Hydropower Roads

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adam921
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Hydropower Roads

Post by adam921 » Sun Nov 11, 2012 5:06 pm

Hi guys, back to stir up trouble again (just kidding, hopefully not).
I'm doing a research paper on the Big Creek hydro system. For anyone not familiar, that's the system with the road over Kaiser Pass and the dams making Florence, Edison, Shaver, and Huntington Lakes (and more).
At this point i'm fairly certain that the roads would not have existed without the system; a local forester said the timber value just wouldn't be worth the hassle.

That leaves this final question; are the wilderness areas worse or better off because of the roads up there? For the sake of argument, let's assume the road would end at Huntington Lake, and everything beyond that somehow became wilderness.








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Re: Hydropower Roads

Post by rlown » Sun Nov 11, 2012 5:10 pm

you've seen this thread? viewtopic.php?f=27&t=5503" onclick="window.open(this.href);return false;

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Re: Hydropower Roads

Post by adam921 » Sun Nov 11, 2012 5:31 pm

I did see it, thanks though!

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Re: Hydropower Roads

Post by Wandering Daisy » Sun Nov 11, 2012 7:12 pm

If the roads were not there, perhaps the wilderness boundary would have been expanded. I could do without Edison Lake but I like Flornence Lake - I would miss that lake. I really do not think roads or no roads would make a lot of difference in the high Sierra (for example Silver Divide)since there is good and relatively short access from the east. If there were a similar number of permits issued for east side trailheads to make up for the lost west-side quotas, there would be little loss of access to the high Sierra. It would mostly impact locals from the Central Valley because they would loose some trailheads in their backyard. But for many of us driving to the east side is only slightly longer and probably takes no more driving time. There would be less access to lower lakes and may impact fishermen. PCT hikers would loose two resupply points. Boaters would loose two large water bodies to boat on. But, honestly, the road is hard enough to get up that few large boats are hauled up it anyway. I am not familiar with Kaiser Wildrness so do not know enough to say how it would be impacted. So, bottom line, I think the impact of no roads would be primarily local - bad for the folks in Fresno.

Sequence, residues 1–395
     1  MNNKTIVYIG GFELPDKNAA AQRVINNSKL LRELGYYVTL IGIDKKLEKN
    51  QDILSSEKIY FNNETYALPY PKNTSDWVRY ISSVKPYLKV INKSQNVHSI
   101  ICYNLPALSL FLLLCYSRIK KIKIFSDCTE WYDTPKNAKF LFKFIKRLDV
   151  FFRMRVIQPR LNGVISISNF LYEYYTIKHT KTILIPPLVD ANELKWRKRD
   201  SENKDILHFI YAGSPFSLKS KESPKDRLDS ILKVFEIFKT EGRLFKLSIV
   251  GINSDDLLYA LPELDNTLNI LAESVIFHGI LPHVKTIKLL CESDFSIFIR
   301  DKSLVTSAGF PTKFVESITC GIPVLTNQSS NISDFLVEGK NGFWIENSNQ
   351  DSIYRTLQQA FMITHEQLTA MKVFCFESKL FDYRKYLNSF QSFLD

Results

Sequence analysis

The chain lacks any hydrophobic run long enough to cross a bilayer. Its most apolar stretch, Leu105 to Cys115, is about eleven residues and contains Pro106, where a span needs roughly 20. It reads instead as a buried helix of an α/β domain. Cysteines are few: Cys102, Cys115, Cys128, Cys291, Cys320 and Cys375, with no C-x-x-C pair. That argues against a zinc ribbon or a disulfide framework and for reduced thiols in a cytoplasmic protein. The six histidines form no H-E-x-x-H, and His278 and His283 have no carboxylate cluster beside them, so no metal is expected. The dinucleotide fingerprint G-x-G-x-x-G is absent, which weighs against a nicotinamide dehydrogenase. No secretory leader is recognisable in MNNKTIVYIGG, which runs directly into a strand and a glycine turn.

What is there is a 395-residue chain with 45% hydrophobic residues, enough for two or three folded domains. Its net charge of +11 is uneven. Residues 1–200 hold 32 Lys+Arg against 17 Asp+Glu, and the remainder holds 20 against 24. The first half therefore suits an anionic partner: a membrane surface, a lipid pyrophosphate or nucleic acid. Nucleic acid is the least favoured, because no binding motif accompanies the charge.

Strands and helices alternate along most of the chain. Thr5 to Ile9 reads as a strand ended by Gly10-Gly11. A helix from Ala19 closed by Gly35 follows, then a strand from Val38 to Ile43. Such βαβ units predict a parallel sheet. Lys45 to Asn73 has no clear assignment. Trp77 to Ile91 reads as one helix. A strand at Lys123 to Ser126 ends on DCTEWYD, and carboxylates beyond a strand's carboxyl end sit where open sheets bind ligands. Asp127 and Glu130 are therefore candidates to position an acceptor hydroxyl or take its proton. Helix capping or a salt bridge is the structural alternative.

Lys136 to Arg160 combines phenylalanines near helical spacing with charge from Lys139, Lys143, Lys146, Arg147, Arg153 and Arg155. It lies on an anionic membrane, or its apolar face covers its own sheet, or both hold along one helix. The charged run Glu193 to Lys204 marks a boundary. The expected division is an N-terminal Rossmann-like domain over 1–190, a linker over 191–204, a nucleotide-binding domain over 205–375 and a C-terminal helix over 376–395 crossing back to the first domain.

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Re: Hydropower Roads

Post by rlown » Sun Nov 11, 2012 9:17 pm

You could include areas such as Hetch Hetchy or Loon Lake. Those roads are improved and plowed to get to the dams or pumps/etc.

It's not just hydropower, but they are more required than seasonal logging roads which also get attention.

No road exists up there unless there is economic gain at the end.

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Re: Hydropower Roads

Post by ERIC » Sun Nov 11, 2012 9:19 pm

adam921 wrote:That leaves this final question; are the wilderness areas worse or better off because of the roads up there? For the sake of argument, let's assume the road would end at Huntington Lake, and everything beyond that somehow became wilderness.
Worse or better off for whom or what? Wilderness being better off in the sense of ecosystem, recreation...what? Your paper is concluding something - what is it?

Yes, the roads were built as a result of the Project. Would they have been built fully or in part regardless? No one can answer that question for sure either way - including your local forester friend.

You said you read the thread rlown points out, but I'll stress the fact that if you haven't yet read The Big Creek Project then you need to. If you've already done that, or once you have, then we can continue this conversation.
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Re: Hydropower Roads

Post by adam921 » Mon Nov 12, 2012 1:06 pm

rlown- I'd add Hetch Hetchy, but it needs to be fairly specific and there are plenty of other people in the class going in to Hetch Hetchy issues. Definitely interesting though.
ERIC wrote:
You said you read the thread rlown points out, but I'll stress the fact that if you haven't yet read The Big Creek Project then you need to. If you've already done that, or once you have, then we can continue this conversation.
I've read that article and well beyond it. I've gotten historical info from previous Edison employees, more extensive articles online, and other places.

This whole idea is a big hypothetical- no one knows what would have happened without the hydropower being built, and that's kind of the point; but it's pretty likely they would have not been nearly as extensive as they were earlier.

I realize "worse" and "better" is extremely subjective, but in this case I mean "good" for the wilderness in an ecological sense.

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Re: Hydropower Roads

Post by ERIC » Mon Nov 12, 2012 7:10 pm

So since you didn't come out and say it, I guess your answer is "no", you haven't read the book.
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Re: Hydropower Roads

Post by rlown » Mon Nov 12, 2012 7:45 pm

Adam,

what is your assignment exactly and what is the goal? i'm not seeing it as the roads had to be built to do the work. pretty much a given. The same smell to Hetch Hetchy and other dam roads..

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Re: Hydropower Roads

Post by adam921 » Mon Nov 12, 2012 8:02 pm

I didn't mean to avoid the question at all- I missed that you were talking about the book and not just the article. No, I haven't read the book, have you?

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